In contrast areas that have been recently discovered are often better documented for example in North Wales 80% of the boulder problems in the graded list in Simon Panton’s guide were done post ’97 and the first ascentists are known.
Not every piece of new climbing will be recorded, this depends on individual’s perception of what is worthwhile. For example the Mall Hill bouldering area was revealed a few years ago when a large swathe of forest was cut down, some routes were also climbed and claimed on the two crags, however some of these routes were climbed back in the day before the trees were planted. They were never recorded as according to the first first ascentist ” at that time anything smaller than Twin Buttress was not considered climbing, how things change”.
When discussing first ascents and guide books someone will always say “We should keep quiet about new areas and let people discover them for themselves?”, this is an approach favoured by a lot of surfers.
I understand this attitude when there is an extremely limited resource but this isn’t the case with bouldering in Ireland and anyway only a minority are interested in exploring so the majority will miss out on the undocumented climbing and will be concentrated on established, well documented areas. Secondly non-locals with limited time will miss out on lots of good stuff, how would you like it if there was no guidebook to Font and you had to wander around looking for the boulders?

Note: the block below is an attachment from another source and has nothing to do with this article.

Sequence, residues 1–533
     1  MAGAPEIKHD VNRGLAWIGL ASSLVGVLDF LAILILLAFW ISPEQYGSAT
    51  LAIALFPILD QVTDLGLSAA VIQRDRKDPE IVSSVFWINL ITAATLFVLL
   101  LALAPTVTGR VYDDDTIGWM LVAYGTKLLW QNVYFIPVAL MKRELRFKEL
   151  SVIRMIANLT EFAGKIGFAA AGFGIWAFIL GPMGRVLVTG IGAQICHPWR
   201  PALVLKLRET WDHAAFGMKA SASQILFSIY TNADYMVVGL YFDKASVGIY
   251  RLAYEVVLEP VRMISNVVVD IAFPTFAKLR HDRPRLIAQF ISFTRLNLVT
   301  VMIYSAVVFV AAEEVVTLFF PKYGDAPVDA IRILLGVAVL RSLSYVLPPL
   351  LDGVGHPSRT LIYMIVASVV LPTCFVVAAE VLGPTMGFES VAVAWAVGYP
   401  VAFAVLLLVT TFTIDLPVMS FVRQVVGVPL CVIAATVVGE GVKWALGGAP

Having said this I don’t think that there is any need to exhaustively catalogue every variation and problem in every bouldering area. Often these variation or eliminates are best discovered for one’s self (or not at all).
Fair Valley near Turlough Hill, Photo by Ped McMahon.
First or best
It’s worth distinguishing between different types of first ascent. At one end of the spectrum is a first ascent of a newly discovered problem maybe in a new or unfrequented area, the first ascentist bags the problem because they were the first to find and try it not because they succeeded where others had failed. At the other end of the spectrum is the first ascent of a ‘last great problem’ in an established, popular area. In this case the first ascentist did the problem because they were the best climber.